Earlier this year, Nicole Bazzano, the acting deputy director of business operations for the Cannabis Control Division, sent a letter to medical cannabis producers informing them that any new production facilities would have to wait until after September. 

“The [Cannabis Regulation Act] prohibits the [Cannabis Control Division] from accepting any new applications on or after June 29, 2021, for additional premises until related rules have been finalized,” Bazzano wrote. “As such, the [Cannabis Control Division] will not be processing applications for additional premises submitted June 29, 2021 or later, until rules for the corresponding license types are finalized.”

Duke Rodriguez, who is the president and CEO of prominent cannabis company Ultra Health, said that a pause on increasing production facilities will only worsen shortages he has been warning of for years.  

“We’re going to have a crisis,” Rodriguez said. “Mathematically we cannot avoid it.”

Rodriguez has long said that New Mexico, particularly in rural areas, was already experiencing cannabis supply shortages because of rules and regulations that cap the number of plants for cultivators. 

Rodriguez said the data his company has compiled shows that New Mexico could run out of cannabis completely just several days after recreational-use sales begin. He said allowing medical cannabis producers to expand operations as a way of bolstering supply is only part of the solution and that it may be too late to completely avoid a crisis. That’s partly, he said, because the New Mexico Department of Health’s Medical Cannabis Program capped production to 450 plants per producer for years.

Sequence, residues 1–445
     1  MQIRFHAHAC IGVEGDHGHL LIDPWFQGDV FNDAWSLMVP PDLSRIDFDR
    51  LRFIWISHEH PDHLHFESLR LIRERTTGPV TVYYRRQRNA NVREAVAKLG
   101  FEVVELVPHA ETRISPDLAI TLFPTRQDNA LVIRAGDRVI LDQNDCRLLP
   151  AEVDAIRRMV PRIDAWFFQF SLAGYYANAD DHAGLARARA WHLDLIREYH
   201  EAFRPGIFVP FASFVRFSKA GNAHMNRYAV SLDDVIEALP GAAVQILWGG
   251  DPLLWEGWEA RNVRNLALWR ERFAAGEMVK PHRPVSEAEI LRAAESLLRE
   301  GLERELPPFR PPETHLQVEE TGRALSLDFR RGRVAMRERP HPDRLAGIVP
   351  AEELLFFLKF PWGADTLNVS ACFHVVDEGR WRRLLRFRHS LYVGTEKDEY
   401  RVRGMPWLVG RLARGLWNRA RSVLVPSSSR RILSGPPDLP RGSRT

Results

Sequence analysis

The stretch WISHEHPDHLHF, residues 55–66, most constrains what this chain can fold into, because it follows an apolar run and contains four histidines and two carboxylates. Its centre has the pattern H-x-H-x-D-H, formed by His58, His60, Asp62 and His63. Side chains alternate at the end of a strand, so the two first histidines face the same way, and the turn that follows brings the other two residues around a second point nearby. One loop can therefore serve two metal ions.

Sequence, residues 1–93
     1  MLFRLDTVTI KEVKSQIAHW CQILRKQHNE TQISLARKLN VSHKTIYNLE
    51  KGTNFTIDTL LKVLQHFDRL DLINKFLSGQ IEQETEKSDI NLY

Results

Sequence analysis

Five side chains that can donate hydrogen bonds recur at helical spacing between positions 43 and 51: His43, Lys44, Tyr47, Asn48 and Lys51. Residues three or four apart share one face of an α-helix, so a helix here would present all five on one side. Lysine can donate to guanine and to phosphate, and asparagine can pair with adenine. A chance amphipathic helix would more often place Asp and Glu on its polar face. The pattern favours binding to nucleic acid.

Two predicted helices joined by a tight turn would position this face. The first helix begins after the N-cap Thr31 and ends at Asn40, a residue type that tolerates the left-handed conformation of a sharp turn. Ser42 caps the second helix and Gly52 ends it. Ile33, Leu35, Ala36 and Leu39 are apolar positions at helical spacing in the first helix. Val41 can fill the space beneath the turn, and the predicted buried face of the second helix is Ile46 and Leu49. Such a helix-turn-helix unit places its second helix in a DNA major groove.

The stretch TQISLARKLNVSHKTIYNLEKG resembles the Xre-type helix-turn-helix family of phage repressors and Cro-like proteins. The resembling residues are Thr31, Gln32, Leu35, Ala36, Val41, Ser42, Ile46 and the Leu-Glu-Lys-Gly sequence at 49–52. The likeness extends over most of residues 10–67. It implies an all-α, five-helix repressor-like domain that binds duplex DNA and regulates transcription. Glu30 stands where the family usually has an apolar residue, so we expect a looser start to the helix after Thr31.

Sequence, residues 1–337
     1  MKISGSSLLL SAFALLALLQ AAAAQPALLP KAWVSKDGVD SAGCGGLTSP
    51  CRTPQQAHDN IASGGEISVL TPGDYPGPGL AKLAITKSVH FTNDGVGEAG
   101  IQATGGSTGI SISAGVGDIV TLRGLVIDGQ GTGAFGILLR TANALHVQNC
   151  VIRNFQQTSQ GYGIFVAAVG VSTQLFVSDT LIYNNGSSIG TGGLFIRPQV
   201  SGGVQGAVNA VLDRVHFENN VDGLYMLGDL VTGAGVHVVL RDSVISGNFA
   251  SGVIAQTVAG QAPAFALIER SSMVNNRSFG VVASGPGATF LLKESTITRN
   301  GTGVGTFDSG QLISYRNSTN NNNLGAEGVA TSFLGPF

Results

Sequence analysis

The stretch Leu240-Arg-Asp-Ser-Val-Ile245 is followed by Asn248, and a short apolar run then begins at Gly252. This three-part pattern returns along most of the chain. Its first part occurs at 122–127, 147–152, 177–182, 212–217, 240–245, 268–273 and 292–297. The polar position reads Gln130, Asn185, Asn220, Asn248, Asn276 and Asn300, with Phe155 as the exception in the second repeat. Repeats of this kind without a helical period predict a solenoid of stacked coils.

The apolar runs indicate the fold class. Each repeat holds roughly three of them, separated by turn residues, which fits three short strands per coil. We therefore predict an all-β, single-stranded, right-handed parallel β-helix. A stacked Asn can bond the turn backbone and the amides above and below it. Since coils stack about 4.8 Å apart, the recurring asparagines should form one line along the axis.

NM starts accepting cannabis cultivation license applications

Nearly 400 companies started the process of applying for a license to grow cannabis in the first several hours the New Mexico Regulation and Licensing Department started accepting applications. 

According to an RLD representative, of the 344 applications that were started, 226 of them were for a microbusiness license, which is a type of production license to grow no more than 200 plants. 

According to RLD, five applications were submitted as complete, but had not been verified as complete. One of those completed applications, according to RLD, was a test application submitted by an existing medical cannabis producer. Existing medical cannabis producers went through the application process earlier this summer.  

In a statement RLD Superintendent Linda Trujillo said the department is committed to setting up a program “in ways that support businesses, consumers and communities.”